The color pattern consists of a tan, light brown or gray ground color that is overlaid with a series of around 20 dark brown or black rhomboid blotches. The lower tips of these blotches often connect with spots on the flanks to form narrow crossbands. The top of the head is dark with oblique postorbital stripes, below which the side of the head is a lighter color. The belly is whitish, occasionally with dark brown blotches.[3]

These snakes have sometimes been mistaken for young bushmasters (Lachesis muta), but can easily be identified by their lack of a specialized tail tip.[3]

Geographic range

Found in eastern Mexico from San Luis Potosí southeastward on the Atlantic versant and lowlands through northern Guatemala, southern Belize, Honduras, Nicaragua and Costa Rica to central Panama. On the Pacific versant in disjunct populations from southern Mexico, Guatemala, El Salvador, Costa Rica and Panama. Found in various types of forest, including cloud forest and rain forest at 40-1,600 m (130-5,250 ft) altitude. The type originally lacked locality information, but apparently "Mexico" was filled in some time later. A restriction to Teapa, Tabasco, Mexico, was proposed by Burger (1950).[1]

Conservation status

This species is classified as Least Concern (LC) on the IUCN Red List of Threatened Species (v3.1, 2001).[5] Species are listed as such due to their wide distribution, presumed large population, or because it is unlikely to be declining fast enough to qualify for listing in a more threatened category. The population trend is stable. Year assessed: 2007.[6]

Subspecies

Subspecies[4]Taxon author[4]Common name[2]Geographic range
A. n. mexicanus(A.M.C. Duméril, Bibron & A.H.A. Duméril, 1854)Central American jumping pitviperType locality: Cobán, Alta Verapaz, Guatemala.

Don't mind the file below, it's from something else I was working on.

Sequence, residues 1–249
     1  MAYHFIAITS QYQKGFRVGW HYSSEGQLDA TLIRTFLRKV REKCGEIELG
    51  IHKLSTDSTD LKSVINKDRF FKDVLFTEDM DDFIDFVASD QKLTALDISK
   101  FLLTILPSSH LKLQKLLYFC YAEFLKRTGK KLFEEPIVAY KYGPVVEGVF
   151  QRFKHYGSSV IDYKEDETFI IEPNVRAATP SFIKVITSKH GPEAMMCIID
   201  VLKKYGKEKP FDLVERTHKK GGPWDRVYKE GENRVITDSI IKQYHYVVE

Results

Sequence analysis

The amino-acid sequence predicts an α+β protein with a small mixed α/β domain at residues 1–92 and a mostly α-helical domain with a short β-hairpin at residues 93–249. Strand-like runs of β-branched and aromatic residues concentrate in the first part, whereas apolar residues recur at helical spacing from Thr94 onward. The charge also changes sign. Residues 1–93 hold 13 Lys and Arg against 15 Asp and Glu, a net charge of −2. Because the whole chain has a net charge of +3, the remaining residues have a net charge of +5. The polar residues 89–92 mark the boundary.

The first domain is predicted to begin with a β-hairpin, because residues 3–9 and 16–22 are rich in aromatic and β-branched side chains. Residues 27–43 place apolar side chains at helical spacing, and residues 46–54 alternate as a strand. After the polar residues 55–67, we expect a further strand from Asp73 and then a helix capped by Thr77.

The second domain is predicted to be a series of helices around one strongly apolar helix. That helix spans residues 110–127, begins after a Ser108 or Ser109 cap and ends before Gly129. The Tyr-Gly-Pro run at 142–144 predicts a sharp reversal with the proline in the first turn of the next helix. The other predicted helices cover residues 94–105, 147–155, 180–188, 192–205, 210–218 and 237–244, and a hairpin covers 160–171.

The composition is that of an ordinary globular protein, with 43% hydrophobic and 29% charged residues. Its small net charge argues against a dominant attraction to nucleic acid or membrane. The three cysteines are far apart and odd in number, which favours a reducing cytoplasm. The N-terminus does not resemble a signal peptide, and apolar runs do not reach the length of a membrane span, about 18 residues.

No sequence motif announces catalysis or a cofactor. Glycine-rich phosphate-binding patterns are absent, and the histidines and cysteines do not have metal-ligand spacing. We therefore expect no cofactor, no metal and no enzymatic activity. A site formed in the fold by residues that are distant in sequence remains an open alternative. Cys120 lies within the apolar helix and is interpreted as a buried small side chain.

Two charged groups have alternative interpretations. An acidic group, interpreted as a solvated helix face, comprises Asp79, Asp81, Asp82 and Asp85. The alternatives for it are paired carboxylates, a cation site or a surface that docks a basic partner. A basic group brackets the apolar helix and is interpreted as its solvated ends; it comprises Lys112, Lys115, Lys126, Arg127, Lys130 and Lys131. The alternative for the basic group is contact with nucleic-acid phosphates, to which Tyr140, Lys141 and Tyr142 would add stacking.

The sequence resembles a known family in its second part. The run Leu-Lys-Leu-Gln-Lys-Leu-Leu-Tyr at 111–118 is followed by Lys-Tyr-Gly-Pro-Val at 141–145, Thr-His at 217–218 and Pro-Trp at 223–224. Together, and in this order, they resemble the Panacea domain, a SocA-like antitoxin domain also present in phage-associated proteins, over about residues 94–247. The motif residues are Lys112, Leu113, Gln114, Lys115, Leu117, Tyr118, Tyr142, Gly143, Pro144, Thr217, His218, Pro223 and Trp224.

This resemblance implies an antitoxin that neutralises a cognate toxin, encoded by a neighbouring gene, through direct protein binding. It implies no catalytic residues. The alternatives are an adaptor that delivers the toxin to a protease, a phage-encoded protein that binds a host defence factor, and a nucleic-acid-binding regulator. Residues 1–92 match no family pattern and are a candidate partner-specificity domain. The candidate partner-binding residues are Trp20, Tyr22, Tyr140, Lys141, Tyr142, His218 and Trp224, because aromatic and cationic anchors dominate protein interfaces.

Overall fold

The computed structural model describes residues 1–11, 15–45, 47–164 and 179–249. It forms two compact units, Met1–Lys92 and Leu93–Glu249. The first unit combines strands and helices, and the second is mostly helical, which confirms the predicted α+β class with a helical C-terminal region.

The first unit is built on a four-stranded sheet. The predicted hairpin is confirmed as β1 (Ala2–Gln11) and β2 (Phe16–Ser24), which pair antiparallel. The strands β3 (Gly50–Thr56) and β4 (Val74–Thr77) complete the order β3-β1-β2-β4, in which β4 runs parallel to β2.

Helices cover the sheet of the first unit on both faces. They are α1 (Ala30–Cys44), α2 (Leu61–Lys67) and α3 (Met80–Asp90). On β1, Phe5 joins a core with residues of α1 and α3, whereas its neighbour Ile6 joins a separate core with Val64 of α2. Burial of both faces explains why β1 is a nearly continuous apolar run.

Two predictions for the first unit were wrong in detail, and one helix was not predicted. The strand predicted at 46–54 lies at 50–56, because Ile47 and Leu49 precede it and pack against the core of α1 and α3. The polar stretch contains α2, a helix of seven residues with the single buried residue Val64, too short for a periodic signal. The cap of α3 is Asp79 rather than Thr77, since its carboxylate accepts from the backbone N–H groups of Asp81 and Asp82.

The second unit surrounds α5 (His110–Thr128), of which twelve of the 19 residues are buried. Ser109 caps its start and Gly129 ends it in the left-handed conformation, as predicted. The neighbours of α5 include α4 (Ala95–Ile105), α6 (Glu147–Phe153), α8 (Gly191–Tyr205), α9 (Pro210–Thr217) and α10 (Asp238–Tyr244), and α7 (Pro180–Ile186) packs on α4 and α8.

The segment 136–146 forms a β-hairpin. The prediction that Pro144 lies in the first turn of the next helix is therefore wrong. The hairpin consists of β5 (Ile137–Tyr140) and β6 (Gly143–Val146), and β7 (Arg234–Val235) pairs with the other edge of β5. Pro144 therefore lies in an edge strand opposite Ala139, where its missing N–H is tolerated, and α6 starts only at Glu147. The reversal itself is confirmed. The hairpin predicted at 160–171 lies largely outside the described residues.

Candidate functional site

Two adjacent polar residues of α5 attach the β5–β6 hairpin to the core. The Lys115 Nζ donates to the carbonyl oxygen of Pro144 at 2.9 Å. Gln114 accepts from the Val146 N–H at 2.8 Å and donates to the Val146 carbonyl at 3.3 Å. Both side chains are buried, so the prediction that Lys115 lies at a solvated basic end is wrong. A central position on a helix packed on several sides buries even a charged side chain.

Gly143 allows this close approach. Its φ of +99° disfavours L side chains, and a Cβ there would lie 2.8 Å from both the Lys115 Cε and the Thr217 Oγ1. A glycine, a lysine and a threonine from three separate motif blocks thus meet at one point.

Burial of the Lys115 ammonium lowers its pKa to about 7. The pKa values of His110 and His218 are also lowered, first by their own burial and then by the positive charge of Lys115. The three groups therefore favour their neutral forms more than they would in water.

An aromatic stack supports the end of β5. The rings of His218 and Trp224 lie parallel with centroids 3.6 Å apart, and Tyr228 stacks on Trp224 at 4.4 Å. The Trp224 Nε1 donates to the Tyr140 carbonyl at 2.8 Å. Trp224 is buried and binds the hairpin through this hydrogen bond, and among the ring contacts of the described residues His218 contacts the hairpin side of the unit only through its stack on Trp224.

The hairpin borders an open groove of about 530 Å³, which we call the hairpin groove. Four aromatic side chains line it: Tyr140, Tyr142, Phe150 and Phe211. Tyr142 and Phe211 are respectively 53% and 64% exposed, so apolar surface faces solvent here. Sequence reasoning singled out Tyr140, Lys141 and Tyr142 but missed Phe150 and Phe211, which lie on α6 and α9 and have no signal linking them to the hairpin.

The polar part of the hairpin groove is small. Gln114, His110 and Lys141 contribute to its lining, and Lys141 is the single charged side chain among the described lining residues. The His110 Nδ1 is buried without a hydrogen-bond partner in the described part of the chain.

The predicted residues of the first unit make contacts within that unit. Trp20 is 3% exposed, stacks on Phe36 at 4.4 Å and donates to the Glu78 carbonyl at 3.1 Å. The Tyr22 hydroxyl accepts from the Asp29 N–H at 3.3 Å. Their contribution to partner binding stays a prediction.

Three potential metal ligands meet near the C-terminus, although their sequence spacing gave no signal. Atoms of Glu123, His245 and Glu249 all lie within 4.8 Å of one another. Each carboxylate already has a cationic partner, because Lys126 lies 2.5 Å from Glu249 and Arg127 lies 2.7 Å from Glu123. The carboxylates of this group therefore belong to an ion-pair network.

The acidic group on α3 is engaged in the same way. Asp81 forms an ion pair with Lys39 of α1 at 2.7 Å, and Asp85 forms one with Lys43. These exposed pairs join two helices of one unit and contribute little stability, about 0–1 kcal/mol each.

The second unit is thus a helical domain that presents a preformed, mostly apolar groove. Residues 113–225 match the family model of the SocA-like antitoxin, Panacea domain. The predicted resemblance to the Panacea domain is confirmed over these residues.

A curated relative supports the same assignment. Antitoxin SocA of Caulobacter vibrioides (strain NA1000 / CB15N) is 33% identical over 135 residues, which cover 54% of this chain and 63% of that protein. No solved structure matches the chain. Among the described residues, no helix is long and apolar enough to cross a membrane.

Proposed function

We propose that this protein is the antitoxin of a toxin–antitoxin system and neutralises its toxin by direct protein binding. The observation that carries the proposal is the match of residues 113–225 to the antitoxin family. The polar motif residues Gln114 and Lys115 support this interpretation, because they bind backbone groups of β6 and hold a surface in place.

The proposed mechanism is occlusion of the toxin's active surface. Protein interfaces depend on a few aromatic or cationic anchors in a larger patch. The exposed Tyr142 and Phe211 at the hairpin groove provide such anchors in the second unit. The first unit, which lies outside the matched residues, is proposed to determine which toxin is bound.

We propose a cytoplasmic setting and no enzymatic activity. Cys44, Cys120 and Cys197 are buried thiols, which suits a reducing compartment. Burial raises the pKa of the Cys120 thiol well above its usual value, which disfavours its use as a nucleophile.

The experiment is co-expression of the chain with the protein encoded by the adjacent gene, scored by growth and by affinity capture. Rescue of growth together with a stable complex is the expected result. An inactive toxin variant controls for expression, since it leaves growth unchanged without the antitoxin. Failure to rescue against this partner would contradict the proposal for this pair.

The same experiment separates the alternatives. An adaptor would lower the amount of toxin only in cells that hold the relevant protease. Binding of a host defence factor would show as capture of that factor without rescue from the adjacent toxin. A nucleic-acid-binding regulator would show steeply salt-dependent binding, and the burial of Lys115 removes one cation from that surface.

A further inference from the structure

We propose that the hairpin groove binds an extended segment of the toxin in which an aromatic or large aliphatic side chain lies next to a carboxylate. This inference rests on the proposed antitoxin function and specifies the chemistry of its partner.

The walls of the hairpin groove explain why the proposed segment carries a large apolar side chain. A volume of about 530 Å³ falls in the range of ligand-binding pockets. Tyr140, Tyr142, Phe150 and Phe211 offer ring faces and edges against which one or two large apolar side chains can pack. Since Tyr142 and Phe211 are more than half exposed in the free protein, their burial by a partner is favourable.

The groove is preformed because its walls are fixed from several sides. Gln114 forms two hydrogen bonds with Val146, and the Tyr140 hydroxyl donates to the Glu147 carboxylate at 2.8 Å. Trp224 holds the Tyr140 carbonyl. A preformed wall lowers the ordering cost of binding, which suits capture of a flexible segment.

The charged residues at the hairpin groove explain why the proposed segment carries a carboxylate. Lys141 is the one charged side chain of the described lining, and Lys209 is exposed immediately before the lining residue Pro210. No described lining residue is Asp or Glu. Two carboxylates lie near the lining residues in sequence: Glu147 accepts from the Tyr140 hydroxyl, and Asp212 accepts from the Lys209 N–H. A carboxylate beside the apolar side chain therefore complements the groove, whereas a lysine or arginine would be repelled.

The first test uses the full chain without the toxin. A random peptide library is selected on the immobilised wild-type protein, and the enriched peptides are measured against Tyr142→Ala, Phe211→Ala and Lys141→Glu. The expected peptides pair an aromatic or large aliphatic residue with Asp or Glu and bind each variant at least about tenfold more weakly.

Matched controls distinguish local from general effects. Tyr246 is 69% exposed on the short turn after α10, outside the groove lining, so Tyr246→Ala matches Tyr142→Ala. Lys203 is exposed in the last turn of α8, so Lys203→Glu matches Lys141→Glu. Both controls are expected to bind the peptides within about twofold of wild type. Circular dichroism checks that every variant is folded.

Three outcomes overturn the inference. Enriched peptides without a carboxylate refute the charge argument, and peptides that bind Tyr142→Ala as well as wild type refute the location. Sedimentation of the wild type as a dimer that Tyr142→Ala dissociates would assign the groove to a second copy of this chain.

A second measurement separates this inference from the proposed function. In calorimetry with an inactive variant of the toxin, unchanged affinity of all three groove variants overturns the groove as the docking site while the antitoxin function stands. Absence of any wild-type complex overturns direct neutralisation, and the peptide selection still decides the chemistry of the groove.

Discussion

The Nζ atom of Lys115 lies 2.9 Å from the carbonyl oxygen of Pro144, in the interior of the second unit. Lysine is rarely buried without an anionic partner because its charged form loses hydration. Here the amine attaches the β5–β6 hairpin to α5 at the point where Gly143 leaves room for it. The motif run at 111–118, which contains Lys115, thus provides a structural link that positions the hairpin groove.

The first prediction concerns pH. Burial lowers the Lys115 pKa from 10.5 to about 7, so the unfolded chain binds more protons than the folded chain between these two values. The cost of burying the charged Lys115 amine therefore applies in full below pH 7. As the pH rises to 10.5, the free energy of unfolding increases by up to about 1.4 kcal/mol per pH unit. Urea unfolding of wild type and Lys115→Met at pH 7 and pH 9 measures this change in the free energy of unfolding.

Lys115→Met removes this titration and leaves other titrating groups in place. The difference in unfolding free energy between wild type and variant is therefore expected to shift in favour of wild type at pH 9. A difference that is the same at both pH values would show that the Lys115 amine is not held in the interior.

A. n. nummifer(Rüppell, 1845)Mexican jumping pitviperType locality: Mexico.
A. n. occiduus(Hoge, 1966)Guatemalan jumping pitviperType locality: San Augustín, Guatemala.

See also

References

  1. ^ a b McDiarmid RW, Campbell JA, Touré T. 1999. Snake Species of the World: A Taxonomic and Geographic Reference, vol. 1. Herpetologists' League. 511 pp. ISBN 1-893777-00-6 (series). ISBN 1-893777-01-4 (volume).
  2. ^ a b Campbell JA, Lamar WW. 2004. The Venomous Reptiles of the Western Hemisphere. 2 volumes. Comstock Publishing Associates, Ithaca and London. 870 pp. 1500 plates. ISBN 0-8014-4141-2.
  3. ^ a b c d e U.S. Navy. 1991. Poisonous Snakes of the World. US Govt. New York: Dover Publications Inc. 203 pp. ISBN 0-486-26629-X.
  4. ^ a b c "Atropoides nummifer". Integrated Taxonomic Information System. http://www.itis.gov/servlet/SingleRpt/SingleRpt?search_topic=TSN&search_value=585757. Retrieved 14 September 2007.
  5. ^ Atropoides nummifer at the IUCN Red List. Accessed 14 September 2007.
  6. ^ 2001 Categories & Criteria (version 3.1) at the IUCN Red List. Accessed 14 September 2007.

Further reading

  • Rüppell, E. 1845. Verzeichnis der in dem Museum der Senckenbergischen naturforschenden Gesellschaft aufgestellten Sammlungen. Dritte Abteilung: Amphibien. Mus. Senckenbergianum 3 (3): 293-316. (Atropos nummifer)